The parameter estimates are not incredibly different form the actual values. Additionally, the standard errors of the estimates are not large enough to exclude the true parameter values. We can verify this using a t-test with the null hypothesis for each parameter set at the actual (the default null in `lm`

is zero). I’ve created a function for doing this that takes the observed mean value as input rather than the normal `t.test`

function that uses a numeric vector of values as input. The arguments for the custom function are the observed mean (x.bar), null mean (mu), standard error (se), degrees of freedom (deg.f), and return.t which returns the t-statistic if set as true.

```
```#function for testing parameter values against actual
t_test<-function(x.bar,mu,se,deg.f,return.t=F){
if(return.t) return(round((x.bar-mu)/se,3))
pt(abs((x.bar-mu)/se),deg.f,lower.tail=F)*2
}
#for first explanatory variable
t_test(3.8314, 4, 0.2534, 397)
[1] 0.5062122

` `

The p-value indicates that the estimated parameter value for the first explanatory variable is not different from the actual. We get similar results if we test the other parameters. So far we’ve shown that if we ignore the spatial correlation structure we get fairly reasonable parameter estimates. Can we improve our model if we account for the spatial correlation structure?

Before we model spatial correlation we first have to identify its existence (remember, we’re assuming we don’t know the response is correlated with latitude). Let’s dig a little deeper by first describing some tools to evaluate the assumption of independence. The easiest way to evaluate this assumption in a linear model is to plot the model residuals by their spatial coordinates. We would expect to see some spatial pattern in the residuals if we have not accounted for spatial correlation. The `bubble`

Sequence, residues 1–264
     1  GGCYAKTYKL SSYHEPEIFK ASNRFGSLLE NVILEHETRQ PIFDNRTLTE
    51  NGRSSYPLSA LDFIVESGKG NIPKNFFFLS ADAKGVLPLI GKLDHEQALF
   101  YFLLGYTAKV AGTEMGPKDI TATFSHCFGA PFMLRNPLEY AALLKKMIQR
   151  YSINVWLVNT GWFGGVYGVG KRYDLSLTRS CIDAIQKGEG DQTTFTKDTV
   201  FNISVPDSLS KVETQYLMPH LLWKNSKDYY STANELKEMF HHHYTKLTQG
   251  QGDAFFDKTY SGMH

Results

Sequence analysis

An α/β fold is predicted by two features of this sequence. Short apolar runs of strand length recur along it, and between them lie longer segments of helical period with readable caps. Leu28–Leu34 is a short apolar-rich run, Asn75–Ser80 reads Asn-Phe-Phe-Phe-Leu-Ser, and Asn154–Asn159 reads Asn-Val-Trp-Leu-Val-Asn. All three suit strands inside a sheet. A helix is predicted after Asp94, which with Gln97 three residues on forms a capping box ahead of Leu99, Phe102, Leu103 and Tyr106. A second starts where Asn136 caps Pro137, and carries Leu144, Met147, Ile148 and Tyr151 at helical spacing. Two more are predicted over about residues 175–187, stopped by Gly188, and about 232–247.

plot function in the `sp`

package can be used to plot residuals.

```
```dat<-data.frame(lon,lat,resids=resid(mod))
coordinates(dat)<-c('lon','lat')
bubble(dat,zcol='resids')

` `

A nice feature of the `bubble`

function is that it color codes the residuals based on positive and negative values and sets the size of the points in proportion to the magnitude. An examination of the plot shows a clear residual pattern with latitude such that smaller values are seen towards the north.

The bubble plot provides a qualitative means of evaluating spatial correlation. A more quantitative approach is to evaluate semivariance, which provides a measure of spatial correlation between points at different distances. Points closer to one another are more likely to be similar if observations in our dataset are spatially correlated. The variety of statistics that can be applied to spatial data is staggering and evaluations of semivariance are no exception. For this example, it is sufficient to know that points closer to one another will have smaller values of semivariance (more similar) and those farther apart will have larger values (less similar) if points are spatially correlated. We would also expect calculated values of semivariance to vary depending on what direction we are measuring (i.e., anisotropy). For example, we might not detect spatial correlation if we estimate semivariance strictly in an east to west direction, whereas semivariance would vary quite dramatically along a north to south direction. We can apply the `variogram`